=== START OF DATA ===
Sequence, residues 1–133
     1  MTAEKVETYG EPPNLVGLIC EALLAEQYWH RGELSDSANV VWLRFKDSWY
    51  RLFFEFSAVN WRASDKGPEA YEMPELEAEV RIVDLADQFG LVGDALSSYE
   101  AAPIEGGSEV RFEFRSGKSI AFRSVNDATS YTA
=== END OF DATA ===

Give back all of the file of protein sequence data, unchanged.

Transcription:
Sequence, residues 1–133
     1  MTAEKVETYG EPPNLVGLIC EALLAEQYWH RGELSDSANV VWLRFKDSWY
    51  RLFFEFSAVN WRASDKGPEA YEMPELEAEV RIVDLADQFG LVGDALSSYE
   101  AAPIEGGSEV RFEFRSGKSI AFRSVNDATS YTA